The Global 100 in this issue is an illustration of the strong growth of direct selling worldwide. So many companies are growing at a speed that nobody would have held imaginable some years ago. The annual global statistics, produced by the World Federation of Direct Selling Associations (WFDSA) with the help of Seldia, confirm the trends. Total global direct sales in 2012 were an estimated $153 billion, whereas the 2013 figures were $166 billion, and the upcoming 2014 figures will confirm the upward trend.
Nevertheless, growth seems to come at two speeds. There are emerging markets with double-digit growth over the last years, like India, Mexico, Brazil, China, Turkey and Russia, to name a few. There are also markets with slow growth or even, to use the economic euphemism, negative growth. For those who like euphemisms, these countries are also often called “mature markets.” It should be said, however, that not all is wine and roses in emerging markets, as highlighted recently.
Great was my surprise about the comments made during Seldia’s last CEO Council meeting. This CEO Council, for those who are less familiar with our European DSA, is an annual meeting at which European CEOs discuss current affairs and provide input on the association’s working program. The surprise came with the discussion on most promising markets in this part of the world. With all respect for mature markets, it came as a surprise that France was picked as the most promising performer. What happened with the emerging countries that are characterized by low GDP per capita, entrepreneurial citizens, great geographical distances, imperfect retail infrastructure and favorable business laws?
Emerging markets may present uncertain factors, which is the cause of a bumpy road for direct selling companies. The most obvious and tragic example is Ukraine, where the sad political developments are taking their toll on the sales of our sector. The difficulty of the politician and regulator to understand our business model remains also an issue, although this is sometimes even the case in mature markets. Currency fluctuations are another uncertainty, more in emerging markets than, say, the dollar or euro zones. Despite these bumps, the road in emerging markets is still leading to tremendous opportunities and growth.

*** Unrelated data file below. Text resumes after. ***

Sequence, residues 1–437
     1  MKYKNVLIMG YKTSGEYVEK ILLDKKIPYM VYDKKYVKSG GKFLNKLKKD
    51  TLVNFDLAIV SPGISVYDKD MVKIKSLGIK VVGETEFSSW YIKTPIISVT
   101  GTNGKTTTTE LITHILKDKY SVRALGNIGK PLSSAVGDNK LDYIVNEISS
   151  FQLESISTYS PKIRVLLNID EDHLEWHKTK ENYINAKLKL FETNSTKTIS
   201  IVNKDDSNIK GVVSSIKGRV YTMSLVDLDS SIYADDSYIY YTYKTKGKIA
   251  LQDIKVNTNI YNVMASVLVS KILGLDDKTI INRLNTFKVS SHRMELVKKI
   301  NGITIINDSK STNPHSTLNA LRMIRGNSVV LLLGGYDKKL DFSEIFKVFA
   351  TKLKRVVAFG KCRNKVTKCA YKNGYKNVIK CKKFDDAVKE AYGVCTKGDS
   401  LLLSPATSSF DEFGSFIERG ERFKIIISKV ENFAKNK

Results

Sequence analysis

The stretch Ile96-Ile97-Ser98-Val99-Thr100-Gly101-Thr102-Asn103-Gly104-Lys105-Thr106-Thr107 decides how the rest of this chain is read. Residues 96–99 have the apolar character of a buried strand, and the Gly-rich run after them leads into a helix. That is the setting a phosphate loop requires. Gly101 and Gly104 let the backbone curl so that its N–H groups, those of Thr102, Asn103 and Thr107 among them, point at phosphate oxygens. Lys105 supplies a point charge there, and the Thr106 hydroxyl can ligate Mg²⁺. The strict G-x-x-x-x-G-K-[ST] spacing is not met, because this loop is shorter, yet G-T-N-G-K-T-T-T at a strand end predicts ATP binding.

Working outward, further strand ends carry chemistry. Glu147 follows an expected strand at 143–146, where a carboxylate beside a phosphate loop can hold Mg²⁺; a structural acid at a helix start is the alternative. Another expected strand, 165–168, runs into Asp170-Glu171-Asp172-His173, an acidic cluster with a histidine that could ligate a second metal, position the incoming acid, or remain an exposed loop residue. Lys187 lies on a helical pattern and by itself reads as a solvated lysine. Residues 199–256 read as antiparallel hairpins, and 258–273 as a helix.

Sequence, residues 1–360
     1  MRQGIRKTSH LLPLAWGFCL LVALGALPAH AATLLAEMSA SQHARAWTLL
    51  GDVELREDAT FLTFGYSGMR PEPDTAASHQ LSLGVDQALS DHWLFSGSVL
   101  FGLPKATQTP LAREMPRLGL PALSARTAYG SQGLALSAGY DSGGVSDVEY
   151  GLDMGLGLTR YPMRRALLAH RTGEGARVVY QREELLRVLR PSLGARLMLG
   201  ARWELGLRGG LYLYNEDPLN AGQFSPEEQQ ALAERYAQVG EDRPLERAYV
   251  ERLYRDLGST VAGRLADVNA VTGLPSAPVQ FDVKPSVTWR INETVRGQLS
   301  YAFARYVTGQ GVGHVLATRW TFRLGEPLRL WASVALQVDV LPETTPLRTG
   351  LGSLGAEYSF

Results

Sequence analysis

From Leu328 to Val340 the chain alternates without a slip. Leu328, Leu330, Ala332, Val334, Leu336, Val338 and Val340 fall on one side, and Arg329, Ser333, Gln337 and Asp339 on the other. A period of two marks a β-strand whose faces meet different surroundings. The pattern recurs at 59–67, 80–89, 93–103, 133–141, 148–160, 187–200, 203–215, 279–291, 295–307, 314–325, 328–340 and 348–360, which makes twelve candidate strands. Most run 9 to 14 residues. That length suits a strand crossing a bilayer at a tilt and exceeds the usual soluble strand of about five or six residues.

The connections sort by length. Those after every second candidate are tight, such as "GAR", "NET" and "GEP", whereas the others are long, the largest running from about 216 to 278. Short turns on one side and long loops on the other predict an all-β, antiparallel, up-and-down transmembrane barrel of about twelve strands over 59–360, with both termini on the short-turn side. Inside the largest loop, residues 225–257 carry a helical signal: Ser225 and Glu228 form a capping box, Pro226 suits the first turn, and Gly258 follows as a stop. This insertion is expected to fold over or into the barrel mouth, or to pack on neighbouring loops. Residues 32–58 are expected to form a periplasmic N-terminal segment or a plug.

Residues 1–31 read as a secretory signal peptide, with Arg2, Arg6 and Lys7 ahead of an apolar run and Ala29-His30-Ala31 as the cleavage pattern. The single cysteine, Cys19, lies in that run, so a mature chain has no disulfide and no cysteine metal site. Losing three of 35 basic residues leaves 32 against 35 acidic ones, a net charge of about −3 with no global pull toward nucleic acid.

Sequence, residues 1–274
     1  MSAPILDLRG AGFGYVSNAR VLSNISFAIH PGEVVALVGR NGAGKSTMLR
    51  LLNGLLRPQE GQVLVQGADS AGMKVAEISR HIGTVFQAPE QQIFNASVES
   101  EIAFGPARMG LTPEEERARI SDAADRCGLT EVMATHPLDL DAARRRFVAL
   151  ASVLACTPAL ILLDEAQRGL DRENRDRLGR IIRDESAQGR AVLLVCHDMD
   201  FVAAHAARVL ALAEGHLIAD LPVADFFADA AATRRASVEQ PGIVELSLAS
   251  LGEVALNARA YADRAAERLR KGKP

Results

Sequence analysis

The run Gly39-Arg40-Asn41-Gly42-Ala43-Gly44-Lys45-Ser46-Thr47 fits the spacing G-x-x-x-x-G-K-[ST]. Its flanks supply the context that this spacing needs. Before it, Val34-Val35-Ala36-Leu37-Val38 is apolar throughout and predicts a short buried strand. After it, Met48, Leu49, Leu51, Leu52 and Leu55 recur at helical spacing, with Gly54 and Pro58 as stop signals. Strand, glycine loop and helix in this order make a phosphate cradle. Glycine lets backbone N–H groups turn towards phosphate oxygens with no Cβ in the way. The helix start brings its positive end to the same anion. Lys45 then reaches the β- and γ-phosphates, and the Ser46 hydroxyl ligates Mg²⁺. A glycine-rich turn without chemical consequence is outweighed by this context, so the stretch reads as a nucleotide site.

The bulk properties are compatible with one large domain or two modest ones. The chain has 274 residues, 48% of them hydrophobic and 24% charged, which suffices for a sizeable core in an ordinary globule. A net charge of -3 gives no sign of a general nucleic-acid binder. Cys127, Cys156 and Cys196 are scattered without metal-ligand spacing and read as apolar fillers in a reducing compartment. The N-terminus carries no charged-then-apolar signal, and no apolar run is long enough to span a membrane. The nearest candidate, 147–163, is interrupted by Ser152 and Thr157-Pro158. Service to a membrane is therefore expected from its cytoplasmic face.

In parallel to the developments in emerging markets, we see a renaissance in mature markets. These markets offer a number of unique opportunities. The laws on distribution models or consumer protection are more established. Industry has been successful in creating more support for direct selling by policymakers and the regulator, the consumer organizations and the public at large. Some countries even have gone as far as incorporating direct selling in academic education. The high level of Internet and smartphone penetration also has led to new avenues of direct selling of which we are still at the beginning.
As the Direct Selling News Global 100 list illustrates, our sector has some large and growing successful companies. Many of them operate on a global scale, in markets that are hugely different one from the other. Is it then fair that we compare sales in, say, France to that in India? The legal, commercial, economic and societal differences are so big that each market will develop in a different way.
Emerging and mature markets will grow at different speeds, but both offer great opportunities for direct selling companies. Take the U.S., the largest direct selling market in the world. It does not belong to the group of strong growing markets, but nevertheless, there is no better place to keep up to speed with the latest trends and technologies as in the annual conference of the DSA in Orlando. More than two days of workshops, presentations, exhibitors and networking will give privileged insights in June this year. Further insights on the world’s second-largest market, Europe, can be gained at the annual conference of Seldia’s European Direct Selling Conference on Oct. 2 in Brussels (www.directsellingconference.eu). After that, the whole world will meet in Rio de Janeiro in November this year for the WFDSA World Congress. Although direct selling seems to run at two speeds, we all share the same passion and have opportunities to learn from each other. I look forward to meeting you in Orlando, Brussels and Rio.
Maurits Bruggink is the Executive Director of Seldia, the European Direct Selling Association. Read more about Seldia at www.seldia.eu.